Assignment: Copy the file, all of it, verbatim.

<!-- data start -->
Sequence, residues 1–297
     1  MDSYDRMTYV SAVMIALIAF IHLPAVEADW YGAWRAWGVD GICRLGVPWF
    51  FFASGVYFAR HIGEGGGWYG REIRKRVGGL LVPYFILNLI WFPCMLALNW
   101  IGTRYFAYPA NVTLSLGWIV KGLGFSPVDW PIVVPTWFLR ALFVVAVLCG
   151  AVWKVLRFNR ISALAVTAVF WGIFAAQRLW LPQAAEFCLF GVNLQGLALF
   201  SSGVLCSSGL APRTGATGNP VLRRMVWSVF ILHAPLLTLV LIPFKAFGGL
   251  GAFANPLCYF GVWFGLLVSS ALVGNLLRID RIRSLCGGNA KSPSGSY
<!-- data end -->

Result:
Sequence, residues 1–297
     1  MDSYDRMTYV SAVMIALIAF IHLPAVEADW YGAWRAWGVD GICRLGVPWF
    51  FFASGVYFAR HIGEGGGWYG REIRKRVGGL LVPYFILNLI WFPCMLALNW
   101  IGTRYFAYPA NVTLSLGWIV KGLGFSPVDW PIVVPTWFLR ALFVVAVLCG
   151  AVWKVLRFNR ISALAVTAVF WGIFAAQRLW LPQAAEFCLF GVNLQGLALF
   201  SSGVLCSSGL APRTGATGNP VLRRMVWSVF ILHAPLLTLV LIPFKAFGGL
   251  GAFANPLCYF GVWFGLLVSS ALVGNLLRID RIRSLCGGNA KSPSGSY